By Karl Klooster • Staff Writer • 

All in the wine family

Submitted photoAdvanced Vineyard Systems owner Buddy Beck, right, with employee Carlos Martinez at company headquarters just outside McMinnville. Mentor and student took advantage of the Chemeketa Wine Studies scholarship program.
Submitted photo
Advanced Vineyard Systems owner Buddy Beck, right, with employee Carlos Martinez at company headquarters just outside McMinnville. Mentor and student took advantage of the Chemeketa Wine Studies scholarship program.

After Oregon wine pioneer Dick Erath sold his winery to Ste. Michelle Estates in 2006, he began mulling ways to channel the rewards of his success over a period of almost 40 years.

He continued to manage his prized Prince Hill Vineyard on Worden Hill Road, in the heart of the Dundee Hills. And he began concentrating greater efforts on a 40-acre vineyard he first planted in 2004, just outside the small town of Willcox in Southeastern Arizona.

Naysayers derided the latter as a foolhardy venture. “You can’t grow winegrapes in Arizona,” they said.

But Erath had heard it all before. “They said exactly the same thing when I came to Oregon in 1968,” he scoffed.

At his Cimarron Vineyard, in the tiny farming community of Kansas Settlement, Erath is experimenting with the Italian varieties of sangiovese, nebbiolo and Montepulciano, as well as zinfandel, which has Italian ancestry.

“You select grape varieties most suitable to the growing season you have,” Erath said. He feels sangiovese, the grape used to make Chianti, could produce an elegant wine when grown on his sloping, high-desert terrain.

Spain’s tempranillo is also high on his list of promising varieties. The grape Spaniards regard as their noble red is responsible for wines that have long made Rioja one of the world’s renowned winegrowing regions.

Erath is seeing evidence of his initial expectations that several southern European winegrapes will thrive in the hills of southeastern Arizona, just as they have in the hills of Tuscany and northern Spain.

These down-to-earth endeavors aren’t, however, the culmination of Erath’s already considerable contribution to the wine world.

In 2008, he laid the groundwork for a foundation whose mission is to help advance young people’s knowledge of winegrowing and winemaking. To achieve this objective, he proposed to provide 50/50 matching funds for winery owners willing to assist in paying to further the formal education of a selected employee or employees.

His plan came to fruition in 2012, when the Erath Family Foundation began partnering with Chemeketa Community College. Now called the Willamette Valley Viticultural Scholarship, it is being coordinated by Nancy Duncan, director of development for the Chemeketa Community College Foundation.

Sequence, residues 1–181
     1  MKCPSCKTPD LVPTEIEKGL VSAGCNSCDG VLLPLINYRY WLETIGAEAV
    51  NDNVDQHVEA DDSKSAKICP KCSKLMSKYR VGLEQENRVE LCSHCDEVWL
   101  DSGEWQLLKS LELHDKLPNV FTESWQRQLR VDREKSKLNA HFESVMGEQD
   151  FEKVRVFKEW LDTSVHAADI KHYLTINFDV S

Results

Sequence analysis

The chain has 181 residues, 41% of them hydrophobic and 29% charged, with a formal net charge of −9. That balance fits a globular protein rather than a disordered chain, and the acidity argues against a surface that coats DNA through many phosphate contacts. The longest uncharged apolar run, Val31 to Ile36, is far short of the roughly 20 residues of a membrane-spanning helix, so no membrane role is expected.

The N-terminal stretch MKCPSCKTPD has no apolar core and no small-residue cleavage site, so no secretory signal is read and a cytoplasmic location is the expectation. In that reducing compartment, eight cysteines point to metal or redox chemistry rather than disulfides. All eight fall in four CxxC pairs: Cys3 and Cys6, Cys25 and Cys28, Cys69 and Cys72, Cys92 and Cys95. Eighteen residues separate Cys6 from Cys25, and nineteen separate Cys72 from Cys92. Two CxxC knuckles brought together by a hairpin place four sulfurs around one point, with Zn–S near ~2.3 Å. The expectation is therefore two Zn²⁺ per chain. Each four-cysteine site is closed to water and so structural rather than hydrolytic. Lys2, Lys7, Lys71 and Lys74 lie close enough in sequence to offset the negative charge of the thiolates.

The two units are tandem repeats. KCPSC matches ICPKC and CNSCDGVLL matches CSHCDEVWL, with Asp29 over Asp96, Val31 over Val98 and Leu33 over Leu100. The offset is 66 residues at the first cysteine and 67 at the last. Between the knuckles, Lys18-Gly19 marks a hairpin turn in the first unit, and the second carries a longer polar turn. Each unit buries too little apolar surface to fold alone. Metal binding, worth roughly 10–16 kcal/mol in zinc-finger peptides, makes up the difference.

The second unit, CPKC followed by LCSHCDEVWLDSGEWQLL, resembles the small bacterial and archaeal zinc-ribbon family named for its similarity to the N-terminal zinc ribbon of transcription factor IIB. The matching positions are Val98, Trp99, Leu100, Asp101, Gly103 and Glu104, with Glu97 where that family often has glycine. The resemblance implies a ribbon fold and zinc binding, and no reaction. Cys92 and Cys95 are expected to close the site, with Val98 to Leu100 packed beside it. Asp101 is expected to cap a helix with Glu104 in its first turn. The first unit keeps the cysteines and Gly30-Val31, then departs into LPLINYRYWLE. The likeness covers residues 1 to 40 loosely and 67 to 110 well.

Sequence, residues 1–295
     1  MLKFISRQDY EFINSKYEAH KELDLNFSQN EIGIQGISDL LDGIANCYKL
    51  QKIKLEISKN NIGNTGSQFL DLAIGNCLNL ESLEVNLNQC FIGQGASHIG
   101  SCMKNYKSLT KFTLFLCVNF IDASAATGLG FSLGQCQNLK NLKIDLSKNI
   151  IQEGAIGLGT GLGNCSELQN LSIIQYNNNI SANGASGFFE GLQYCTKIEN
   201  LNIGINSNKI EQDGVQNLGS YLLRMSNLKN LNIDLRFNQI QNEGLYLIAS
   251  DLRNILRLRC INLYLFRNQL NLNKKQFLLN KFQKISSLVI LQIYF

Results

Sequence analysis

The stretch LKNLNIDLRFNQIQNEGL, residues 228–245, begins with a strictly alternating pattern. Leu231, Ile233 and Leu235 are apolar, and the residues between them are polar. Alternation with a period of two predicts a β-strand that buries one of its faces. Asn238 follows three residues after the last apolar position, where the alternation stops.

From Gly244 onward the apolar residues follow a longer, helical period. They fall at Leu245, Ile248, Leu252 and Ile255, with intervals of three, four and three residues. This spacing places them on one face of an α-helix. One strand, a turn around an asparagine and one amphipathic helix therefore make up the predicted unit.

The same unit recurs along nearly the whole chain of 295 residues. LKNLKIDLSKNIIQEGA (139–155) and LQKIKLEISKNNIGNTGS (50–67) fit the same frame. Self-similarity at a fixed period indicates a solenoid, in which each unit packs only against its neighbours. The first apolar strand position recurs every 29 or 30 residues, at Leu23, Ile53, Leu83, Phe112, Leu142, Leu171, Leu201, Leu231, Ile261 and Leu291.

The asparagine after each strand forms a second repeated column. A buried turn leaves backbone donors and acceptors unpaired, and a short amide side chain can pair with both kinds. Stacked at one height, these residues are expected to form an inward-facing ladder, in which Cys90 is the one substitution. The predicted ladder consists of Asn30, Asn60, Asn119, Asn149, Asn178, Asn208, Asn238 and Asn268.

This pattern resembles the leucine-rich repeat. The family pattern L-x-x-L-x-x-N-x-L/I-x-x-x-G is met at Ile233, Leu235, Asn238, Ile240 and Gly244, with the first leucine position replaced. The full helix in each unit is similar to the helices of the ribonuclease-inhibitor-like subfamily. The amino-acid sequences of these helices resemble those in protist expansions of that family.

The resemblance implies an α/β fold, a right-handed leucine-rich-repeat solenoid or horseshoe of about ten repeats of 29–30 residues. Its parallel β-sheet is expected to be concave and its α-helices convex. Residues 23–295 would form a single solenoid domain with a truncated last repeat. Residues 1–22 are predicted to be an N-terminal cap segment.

Particular encouragement is given to students whose first language is not English. This is where Chemeketa’s English for Speakers of Other Languages, known as ESOL, enters the picture.

Gaining greater proficiency in English is an important element of the Erath scholarships. But the core mission is rooted in the school’s highly regarded course of study in viticulture and enology.

Chemeketa launched its wine studies program in 1999.

The effort took a quantum leap in 2002, with completion of the Northwest Viticulture Center, now known as the Chemeketa Wine Studies Center. It is situated just west of Salem, at the southern end of the Eola Hills.

Working in a state-of-the-art winery, and tending an adjacent seven-acre vineyard, teaches students skills that can only be learned in a hands-on environment. As the school summarizes it, “Estate-bottled wines are produced by winemaking students from grapes grown and managed by vineyard-management students.”

The scholarship will match up to $2,000 a year for any winery employee interested in participating in Chemeketa’s wine studies program and taking one of its ESOL or ENL classes. Students may work toward a vineyard operations certificate, a vineyard management degree, a winemaking degree or a wine sales and marketing degree and still qualify.

Since the scholarship program began in the fall of 2012, Duncan said, eight employees and eight students have already participated, and six more have signed up for the coming year.

She said she likes to connect with vineyard and winery owners to discuss the value of the program to themselves and their employees. She said it represents an investment carrying both short and long-term value.

“Our goal is to support vineyards’ and wineries’ investment in educational opportunities for their employees,” Erath said. “By training the next generation of vineyard managers and winemakers, we’re ensuring the success of this booming Oregon industry for years to come.”

Karl Klooster can be reached by e-mail at or by phone at 503-687-1227.

Web Design & Web Development by LVSYS